The Pitt News

‘Captain Phillips’ skillfully retells true tales of piracy

Back to Article
Back to Article

‘Captain Phillips’ skillfully retells true tales of piracy

By Andrew Fishman / Staff Writer

Hang on for a minute...we're trying to find some more stories you might like.

Email This Story

“Captain Phillips”

Starring: Tom Hanks, Barkhad Abdi

Directed by: Paul Greengrass

Grade: B+ 

“Have a safe trip.”

This simple farewell is spoken to loved ones nearly every time they leave on a flight or a trip. It’s what Captain Richard Phillips (Tom Hanks) was told by his wife, Andrea (Catherine Keener) before he embarked on his voyage aboard a cargo ship sailing to Mombasa, Kenya. Little did she know how unsafe his journey would be.

“Captain Phillips” tells the gripping, true story of the Maersk Alabama, a U.S. ship that was hijacked by Somali pirates in April of 2009. More specifically, this film tells the heroic tale of the ship’s captain, Phillips, and his efforts to hinder the attack on his ship and crew.

Tom Hanks portrays Phillips in a masterful performance. He captures the raw emotion of a Captain under pressure to save the lives of not only himself, but his entire crew.

The film was inspired by a book written by the real Richard Phillips titled, “A Captain’s Duty: Somali Pirates, Navy SEALS and Dangerous Days at Sea”, which documents the entire ordeal from the captain’s perspective. 

Early on in the film, Phillips is characterized as a family-first man who lives in a small suburban home. This is evident from the coffee mug that has a picture of his wife and kids on it, the fact that he drives a minivan to the airport and how he worries about his children’s grades with his wife.

These images are quickly juxtaposed with shots of life in Somalia. There, teenagers are carrying guns and the only value people have is making the most money possible with no regard for anyone else, according to the film. This is evident by the cruelty seen in the Somalian community, where neighbors push and curse at each other as they all vie for a spot aboard the pirating crew.

Captain Phillips is an unquestionable authority figure. He has complete command over his crew, and deservedly so, as his actions assert that he knows what he is doing. This includes communicating with his superiors during an initial unsuccessful attack by the pirates, alerting them of what is going on and ensuring that he and his crew stay as safe as possible. HE also displays his authority in giving commands to his crew when he anticipates another attack, instructing them to hide in the engine room silently should the pirates successfully board the ship. 

This leadership is put to the test when a group of four armed Somali pirates, led by Muse (Barkhad Abdi), board the ship with intentions of stealing all its money and cargo. They are willing to do anything to get it — including kill.

Shouting, violence, intense close-up shots and silence all contribute to the tension-filled scenes aboard the ship, in which Phillips attempts and mostly succeeds in operating smoothly under pressure — all while a gun is held to his back.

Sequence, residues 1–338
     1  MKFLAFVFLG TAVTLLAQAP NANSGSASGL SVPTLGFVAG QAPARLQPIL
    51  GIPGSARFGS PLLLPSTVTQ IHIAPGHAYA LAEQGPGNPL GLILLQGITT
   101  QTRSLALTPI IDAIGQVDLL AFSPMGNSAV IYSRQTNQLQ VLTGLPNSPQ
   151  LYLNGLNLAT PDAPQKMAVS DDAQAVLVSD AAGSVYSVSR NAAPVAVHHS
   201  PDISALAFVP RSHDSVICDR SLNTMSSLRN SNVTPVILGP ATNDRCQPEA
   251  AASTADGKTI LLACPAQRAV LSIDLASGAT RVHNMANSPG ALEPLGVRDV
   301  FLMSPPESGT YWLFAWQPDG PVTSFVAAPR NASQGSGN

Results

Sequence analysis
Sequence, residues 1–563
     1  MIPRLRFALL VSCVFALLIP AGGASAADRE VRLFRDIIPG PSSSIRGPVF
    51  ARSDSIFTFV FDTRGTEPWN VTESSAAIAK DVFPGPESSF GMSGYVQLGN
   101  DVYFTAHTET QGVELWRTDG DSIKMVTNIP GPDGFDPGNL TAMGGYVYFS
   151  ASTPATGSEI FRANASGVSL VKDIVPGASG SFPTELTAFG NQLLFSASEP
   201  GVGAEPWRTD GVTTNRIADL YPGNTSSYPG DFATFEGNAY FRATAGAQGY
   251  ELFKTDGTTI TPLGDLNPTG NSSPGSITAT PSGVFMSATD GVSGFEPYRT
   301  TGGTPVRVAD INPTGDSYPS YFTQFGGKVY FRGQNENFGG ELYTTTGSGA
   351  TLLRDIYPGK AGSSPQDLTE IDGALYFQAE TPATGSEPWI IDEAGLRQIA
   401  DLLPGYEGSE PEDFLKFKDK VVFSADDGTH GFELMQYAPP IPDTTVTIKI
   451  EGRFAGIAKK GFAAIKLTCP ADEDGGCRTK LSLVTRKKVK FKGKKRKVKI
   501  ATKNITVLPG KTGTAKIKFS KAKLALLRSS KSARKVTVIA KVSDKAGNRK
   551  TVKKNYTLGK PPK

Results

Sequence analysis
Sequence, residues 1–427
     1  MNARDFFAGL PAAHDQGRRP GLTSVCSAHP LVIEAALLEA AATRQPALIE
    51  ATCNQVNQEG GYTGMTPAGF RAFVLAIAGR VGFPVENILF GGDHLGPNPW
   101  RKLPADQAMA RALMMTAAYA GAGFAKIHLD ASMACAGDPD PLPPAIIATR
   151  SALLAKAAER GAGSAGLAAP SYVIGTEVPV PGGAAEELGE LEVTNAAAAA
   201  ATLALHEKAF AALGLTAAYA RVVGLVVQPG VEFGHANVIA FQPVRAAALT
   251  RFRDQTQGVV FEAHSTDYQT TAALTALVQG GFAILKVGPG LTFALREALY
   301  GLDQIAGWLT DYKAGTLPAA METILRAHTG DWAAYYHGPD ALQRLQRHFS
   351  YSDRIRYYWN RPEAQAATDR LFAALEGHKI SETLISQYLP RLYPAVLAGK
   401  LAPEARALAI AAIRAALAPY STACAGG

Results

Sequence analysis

Joint efforts from Phillips and some trustworthy crewmembers lead to the capture of Muse, as well as the injuring of another pirate. The Somalis agree to leave on the ship’s lifeboat with $30,000, not a large amount for pirates, since most of the money goes to their long chain of higher-ups, and Muse is to be exchanged with Phillips — captain for captain, hostage for hostage.

Instead, the pirates trick the crew and take Phillips with them on the lifeboat in an effort to get more money as a ransom for the captain. Hanks’ performance reaches a new level while on the lifeboat. He perfectly characterizes the emotions a hostage would feel, including fear, tension, pain and helplessness.

The film does an excellent job of showing the pirates’ desperation while not evoking much, if any, pity from the viewers. The film makes it clear that these Somalis don’t have much choice but to engage in piracy because of their country’s impoverished conditions. Phillips himself notices this desperation when he realizes one of the pirates can’t be older than 16.

Barkhad Abdi’s character embodies the desperate, but mentally and physically tough, lifestyle that extends to all Somalis featured in the film. Abdi’s film debut will certainly not go unnoticed, as his emotional performance is on par with that of Hanks. 

The climax of the film is Phillips’ rescue by the U.S. Navy. Shot at sea and at night, the choppy camera, representing the choppiness of the water, the darkness that creates shadows and dim lighting, as well as the images seen through night-vision goggles all add to an intense rescue sequence that will not only make its viewers appreciate the U.S. Armed Forces, but keep them captivated and rooting for Phillips the whole time.

Though the plot of the film is well-known, actually seeing it unfold on the screen is an experience worth seeing, especially for anyone who remembers this event from 2009. Captain Phillips is a true hero, and his story is one that will live on through this film for years to come.

Leave a comment.

The University of Pittsburgh's Daily Student Newspaper
‘Captain Phillips’ skillfully retells true tales of piracy